By Jessica Dye
Nov 9 A U.S. judge on Friday granted preliminary
approval to a proposed $7.2 billion settlement between merchants
and Visa Inc and Mastercard Inc over credit card
fees, despite objections from hundreds of retailers, including
Wal-Mart Stores Inc.
If the deal receives final approval from U.S. District Court
Judge John Gleeson of Brooklyn, New York, it would be the
largest federal antitrust settlement in U.S. history, offering
nearly 8 million merchants $7.2 billion in cash and temporary
reductions in the interchange, or swipe fees, they pay to
process credit and debit transactions.
Visa and Mastercard agreed to amend their no-surcharge
policies within 60 days of preliminary approval of the deal,
allowing merchants to charge customers extra for paying by
credit or debit, although that will be restricted by state law.
The stores that take Visa and Mastercard will be
provisionally certified for settlement purposes and notified of
their legal rights. Full terms of the deal will not take effect
unless Gleeson gives final approval, which Visa and Mastercard
say they believe will occur. The judge will hold a hearing to
give objectors a chance to weigh in before then, although no
date has yet been set.
The $1.2 billion in temporary swipe-fee relief will take
effect shortly after class members have been given an
opportunity to opt out of receiving the monetary damages, even
if the deal never receives final approval, according to
During a packed hearing on Friday, lawyers for dozens of
objectors -- including Target Corp and Home Depot Inc
-- told the judge that the settlement offered meaningless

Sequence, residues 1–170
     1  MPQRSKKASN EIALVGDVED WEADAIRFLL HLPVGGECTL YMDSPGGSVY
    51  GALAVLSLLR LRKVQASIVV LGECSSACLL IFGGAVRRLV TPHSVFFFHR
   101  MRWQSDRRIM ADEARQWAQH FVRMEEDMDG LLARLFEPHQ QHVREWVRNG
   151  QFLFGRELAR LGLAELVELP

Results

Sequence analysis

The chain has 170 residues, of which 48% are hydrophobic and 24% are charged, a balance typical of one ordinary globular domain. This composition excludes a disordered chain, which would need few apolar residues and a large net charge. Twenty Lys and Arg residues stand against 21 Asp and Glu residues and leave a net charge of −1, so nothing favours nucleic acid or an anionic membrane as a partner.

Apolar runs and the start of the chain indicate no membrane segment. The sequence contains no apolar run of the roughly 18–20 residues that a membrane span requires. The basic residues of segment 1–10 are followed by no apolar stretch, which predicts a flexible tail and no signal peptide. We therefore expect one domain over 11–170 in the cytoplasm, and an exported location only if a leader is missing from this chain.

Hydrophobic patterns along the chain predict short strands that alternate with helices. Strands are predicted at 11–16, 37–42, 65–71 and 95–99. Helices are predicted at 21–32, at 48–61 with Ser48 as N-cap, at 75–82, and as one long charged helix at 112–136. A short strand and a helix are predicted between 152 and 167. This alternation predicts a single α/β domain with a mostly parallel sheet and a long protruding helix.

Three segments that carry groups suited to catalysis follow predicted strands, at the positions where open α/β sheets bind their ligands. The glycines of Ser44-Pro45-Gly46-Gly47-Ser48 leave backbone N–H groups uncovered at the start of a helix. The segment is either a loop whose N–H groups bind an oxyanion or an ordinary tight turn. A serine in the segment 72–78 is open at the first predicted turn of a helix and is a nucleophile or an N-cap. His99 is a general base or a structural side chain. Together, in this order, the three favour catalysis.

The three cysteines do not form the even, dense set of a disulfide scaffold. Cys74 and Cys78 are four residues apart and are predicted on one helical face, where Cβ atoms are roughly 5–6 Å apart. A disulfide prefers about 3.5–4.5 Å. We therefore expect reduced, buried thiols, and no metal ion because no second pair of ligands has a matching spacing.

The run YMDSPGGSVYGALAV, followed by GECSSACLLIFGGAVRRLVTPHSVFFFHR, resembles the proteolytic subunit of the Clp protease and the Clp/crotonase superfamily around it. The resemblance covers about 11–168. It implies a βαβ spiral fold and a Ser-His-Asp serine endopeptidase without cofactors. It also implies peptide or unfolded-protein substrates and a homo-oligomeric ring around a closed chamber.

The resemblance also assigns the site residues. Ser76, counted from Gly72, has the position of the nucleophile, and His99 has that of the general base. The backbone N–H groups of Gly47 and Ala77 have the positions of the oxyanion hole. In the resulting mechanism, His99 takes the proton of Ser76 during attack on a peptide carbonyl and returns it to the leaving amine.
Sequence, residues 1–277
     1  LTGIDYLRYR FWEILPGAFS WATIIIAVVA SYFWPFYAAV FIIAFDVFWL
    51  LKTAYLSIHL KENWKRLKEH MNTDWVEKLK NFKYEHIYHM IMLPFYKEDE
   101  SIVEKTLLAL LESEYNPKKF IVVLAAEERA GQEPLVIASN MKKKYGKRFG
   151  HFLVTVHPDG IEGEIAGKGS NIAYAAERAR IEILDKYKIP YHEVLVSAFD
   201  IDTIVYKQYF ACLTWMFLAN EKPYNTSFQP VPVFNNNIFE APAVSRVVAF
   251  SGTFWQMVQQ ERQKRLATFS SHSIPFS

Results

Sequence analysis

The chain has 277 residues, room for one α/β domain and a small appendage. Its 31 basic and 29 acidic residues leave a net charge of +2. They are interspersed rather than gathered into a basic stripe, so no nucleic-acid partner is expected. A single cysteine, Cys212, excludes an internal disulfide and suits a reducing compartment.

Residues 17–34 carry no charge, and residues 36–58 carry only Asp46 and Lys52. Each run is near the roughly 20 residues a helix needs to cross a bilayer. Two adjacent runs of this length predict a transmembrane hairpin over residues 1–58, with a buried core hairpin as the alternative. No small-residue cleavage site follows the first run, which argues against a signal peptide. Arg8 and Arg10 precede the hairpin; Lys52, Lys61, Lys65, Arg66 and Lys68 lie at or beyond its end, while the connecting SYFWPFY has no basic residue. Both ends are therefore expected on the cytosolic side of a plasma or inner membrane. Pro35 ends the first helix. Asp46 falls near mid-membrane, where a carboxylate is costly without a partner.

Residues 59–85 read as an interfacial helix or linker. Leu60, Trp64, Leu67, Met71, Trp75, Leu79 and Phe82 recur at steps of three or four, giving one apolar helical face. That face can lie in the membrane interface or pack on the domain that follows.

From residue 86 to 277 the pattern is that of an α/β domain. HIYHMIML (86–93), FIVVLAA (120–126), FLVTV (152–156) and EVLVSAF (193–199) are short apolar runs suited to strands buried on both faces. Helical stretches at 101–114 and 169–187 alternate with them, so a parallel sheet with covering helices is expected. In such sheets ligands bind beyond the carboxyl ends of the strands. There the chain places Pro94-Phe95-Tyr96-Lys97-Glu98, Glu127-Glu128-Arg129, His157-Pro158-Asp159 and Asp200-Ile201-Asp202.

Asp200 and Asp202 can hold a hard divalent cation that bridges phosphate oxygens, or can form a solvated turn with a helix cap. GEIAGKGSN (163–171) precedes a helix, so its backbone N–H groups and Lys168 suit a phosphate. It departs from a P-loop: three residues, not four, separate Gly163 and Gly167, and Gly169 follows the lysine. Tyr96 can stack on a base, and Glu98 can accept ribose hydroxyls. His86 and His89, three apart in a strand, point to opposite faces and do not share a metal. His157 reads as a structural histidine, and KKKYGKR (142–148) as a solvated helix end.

relief for merchants saddled with an estimated $30 billion in
annual swipe fees. They also argued that releases shielding Visa
and Mastercard from new litigation over the same claims would
violate their legal rights and give the two companies protection
from for any future anti-competitive behavior. No opt-out
mechanism is provided for the no-surcharge rules or litigation
Lawyers for several dozen stores that support the pact --
which include major grocery chains Kroger Co and Safeway
Inc -- told Gleeson that these concerns were based on
"It's a lot of smoke and there's very little fire," said
Richard Arnold, who represents some of the objectors.
Gleeson called the initial objections "overstated" but noted
that the legal standard for final approval would be much higher.
Gleeson has yet to schedule a hearing on final approval.
"I don't mean to suggest there aren't a number of issues
that are going to require significant scrutiny," he said.
Gleeson said he was considering whether to appoint an
independent expert to help him understand the economic impact of
the changes to Visa and Mastercard's no-surcharge rules.
Visa general counsel Josh Floum said the company looked
forward to bringing "closure" to the case, after seven years of
litigation, including two years of settlement talks.
"While we recognize some merchants may have different
opinions, the settlement represents a solution reached after
years of litigation and months of negotiation," said Mastercard
general counsel Noah Hanft.
Objecting merchants said they were prepared to keep
"This is the beginning of a long process, and we're not
remotely deterred by what happened today," said Jeff Shinder, a
lawyer for 10 of the 19 original plaintiffs who have rejected
Mallory Duncan, general counsel for the National Retail
Federation, one of the largest U.S. trade associations for
retailers, said it was considering its legal options.
"This proposal benefits no one but lawyers and credit card
companies, and should not be forced on the retail industry or
retailers' customers," he said.